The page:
Abstract/Details

Carbon nanotube electronics: Modeling, physics, and applications


2004 2004

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Abstract (summary)

In recent years, significant progress in understanding the physics of carbon nanotube electronic devices and in identifying potential applications has occurred. In a nanotube, low bias transport can be nearly ballistic across distances of several hundred nanometers. Deposition of high-κ gate insulators does not degrade the carrier mobility. The conduction and valence bands are symmetric, which is advantageous for complementary applications. The bandstructure is direct, which enables optical emission. Because of these attractive features, carbon nanotubes are receiving much attention. In this work, simulation approaches are developed and applied to understand carbon nanotube device physics, and to explore device engineering issues for better transistor performance.

Carbon nanotube field-effect transistors (CNTFETs) provide a concrete context for exploring device physics and developing a simulation capability. We have developed an empirical (pz orbital) atomistic, quantum simulator for nanotube transistors. This simulator uses the non-equilibrium Green's function (NEGF) formalism to treat ballistic transport in the presence of self-consistent electrostatics. We also separately developed a coupled Monte-Carlo/quantum injection simulator to understand carrier scattering in CNTFETs.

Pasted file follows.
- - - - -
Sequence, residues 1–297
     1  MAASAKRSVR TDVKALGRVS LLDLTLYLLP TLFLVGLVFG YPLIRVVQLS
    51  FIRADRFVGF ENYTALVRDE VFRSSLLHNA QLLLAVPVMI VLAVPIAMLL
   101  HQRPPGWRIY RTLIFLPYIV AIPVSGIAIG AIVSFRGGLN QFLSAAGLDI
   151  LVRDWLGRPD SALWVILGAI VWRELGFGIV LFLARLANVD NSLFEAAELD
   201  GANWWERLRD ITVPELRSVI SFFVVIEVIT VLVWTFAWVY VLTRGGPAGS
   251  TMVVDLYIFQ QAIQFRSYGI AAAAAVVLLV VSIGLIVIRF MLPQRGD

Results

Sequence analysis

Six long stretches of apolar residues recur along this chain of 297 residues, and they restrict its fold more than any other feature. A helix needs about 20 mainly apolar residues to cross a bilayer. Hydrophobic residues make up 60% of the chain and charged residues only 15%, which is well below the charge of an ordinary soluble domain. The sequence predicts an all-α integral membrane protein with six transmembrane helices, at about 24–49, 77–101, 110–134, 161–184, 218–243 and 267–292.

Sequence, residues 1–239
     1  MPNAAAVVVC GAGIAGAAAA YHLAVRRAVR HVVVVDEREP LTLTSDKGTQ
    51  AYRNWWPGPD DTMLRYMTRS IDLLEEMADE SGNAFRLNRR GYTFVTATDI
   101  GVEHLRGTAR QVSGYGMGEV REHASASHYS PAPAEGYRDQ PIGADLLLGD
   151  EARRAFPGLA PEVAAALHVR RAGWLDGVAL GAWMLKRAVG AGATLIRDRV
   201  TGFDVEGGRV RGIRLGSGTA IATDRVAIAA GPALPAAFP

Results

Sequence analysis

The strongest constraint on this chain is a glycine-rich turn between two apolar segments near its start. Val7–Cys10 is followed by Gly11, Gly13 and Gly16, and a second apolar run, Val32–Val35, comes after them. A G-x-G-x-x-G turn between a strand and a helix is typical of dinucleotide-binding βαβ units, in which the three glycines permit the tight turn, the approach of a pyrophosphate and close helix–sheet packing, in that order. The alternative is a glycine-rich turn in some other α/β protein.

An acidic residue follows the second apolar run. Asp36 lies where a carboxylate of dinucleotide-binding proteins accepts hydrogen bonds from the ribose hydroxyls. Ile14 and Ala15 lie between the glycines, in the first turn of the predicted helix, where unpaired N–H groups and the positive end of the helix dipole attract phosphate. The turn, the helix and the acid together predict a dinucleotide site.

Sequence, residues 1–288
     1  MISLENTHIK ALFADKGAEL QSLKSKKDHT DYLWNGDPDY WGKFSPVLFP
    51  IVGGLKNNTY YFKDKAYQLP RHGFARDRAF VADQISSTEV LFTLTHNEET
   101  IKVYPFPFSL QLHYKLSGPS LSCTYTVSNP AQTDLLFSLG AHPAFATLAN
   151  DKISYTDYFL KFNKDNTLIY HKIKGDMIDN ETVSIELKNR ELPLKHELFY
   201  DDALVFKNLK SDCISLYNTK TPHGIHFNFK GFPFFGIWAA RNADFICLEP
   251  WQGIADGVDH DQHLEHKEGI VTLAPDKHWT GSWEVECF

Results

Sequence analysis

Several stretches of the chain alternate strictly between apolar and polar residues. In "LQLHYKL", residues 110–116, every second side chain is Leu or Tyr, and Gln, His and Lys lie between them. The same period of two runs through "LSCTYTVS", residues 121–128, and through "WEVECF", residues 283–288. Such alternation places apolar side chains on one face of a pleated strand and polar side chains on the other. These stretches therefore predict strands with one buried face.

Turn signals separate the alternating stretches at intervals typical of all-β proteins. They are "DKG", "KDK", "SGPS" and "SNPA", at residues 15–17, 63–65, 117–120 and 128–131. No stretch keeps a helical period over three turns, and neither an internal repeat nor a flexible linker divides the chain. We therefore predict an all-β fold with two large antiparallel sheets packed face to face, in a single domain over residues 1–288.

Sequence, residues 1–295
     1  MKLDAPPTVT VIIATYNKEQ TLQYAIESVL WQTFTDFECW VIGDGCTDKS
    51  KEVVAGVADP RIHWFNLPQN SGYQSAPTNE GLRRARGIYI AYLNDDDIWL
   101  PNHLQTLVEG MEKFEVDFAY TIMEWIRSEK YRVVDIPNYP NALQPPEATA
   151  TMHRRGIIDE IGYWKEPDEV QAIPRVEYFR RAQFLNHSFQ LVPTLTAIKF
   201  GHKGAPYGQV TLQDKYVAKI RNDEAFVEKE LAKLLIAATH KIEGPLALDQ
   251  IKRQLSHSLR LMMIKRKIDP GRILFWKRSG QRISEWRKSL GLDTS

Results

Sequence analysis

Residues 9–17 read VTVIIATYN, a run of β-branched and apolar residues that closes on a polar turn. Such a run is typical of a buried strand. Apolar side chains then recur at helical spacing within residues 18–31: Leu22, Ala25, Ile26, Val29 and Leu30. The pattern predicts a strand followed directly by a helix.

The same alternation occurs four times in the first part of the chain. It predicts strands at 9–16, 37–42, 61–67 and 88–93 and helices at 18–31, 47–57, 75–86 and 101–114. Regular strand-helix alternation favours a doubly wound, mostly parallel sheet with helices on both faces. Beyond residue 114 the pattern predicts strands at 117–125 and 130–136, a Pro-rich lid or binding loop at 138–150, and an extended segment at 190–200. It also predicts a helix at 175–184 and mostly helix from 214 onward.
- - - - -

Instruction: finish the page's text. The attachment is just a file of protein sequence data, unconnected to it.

Numerical simulations are used to understand device physics and to explore device engineering issues. In chapter 4, we did a comprehensive study of the scaling behaviors for ballistic SB CNTFETs. In chapter 5, we analyzed a short-channel, high-performance CNTFET, to understand what controls and how to further improve the transistor performance. In chapter 6, we explored the interesting role of phonon scattering in CNTFETs.

Indexing (details)


Subject
Electrical engineering
Classification
0544: Electrical engineering
Identifier / keyword
Applied sciences; Carbon nanotube
Title
Carbon nanotube electronics: Modeling, physics, and applications
Author
Guo, Jing
Number of pages
123
Publication year
2004
Degree date
2004
School code
0183
Source
DAI-B 65/11, Dissertation Abstracts International
Place of publication
Ann Arbor
Country of publication
United States
ISBN
0496151665, 9780496151660
Advisor
Lundstrom, Mark S.
University/institution
Purdue University
University location
United States -- Indiana
Degree
Ph.D.
Source type
Dissertations & Theses
Language
English
Document type
Dissertation/Thesis
Dissertation/thesis number
3154636
ProQuest document ID
305153025
Copyright
Database copyright ProQuest LLC; ProQuest does not claim copyright in the individual underlying works.
Document URL
http://search.proquest.com/docview/305153025
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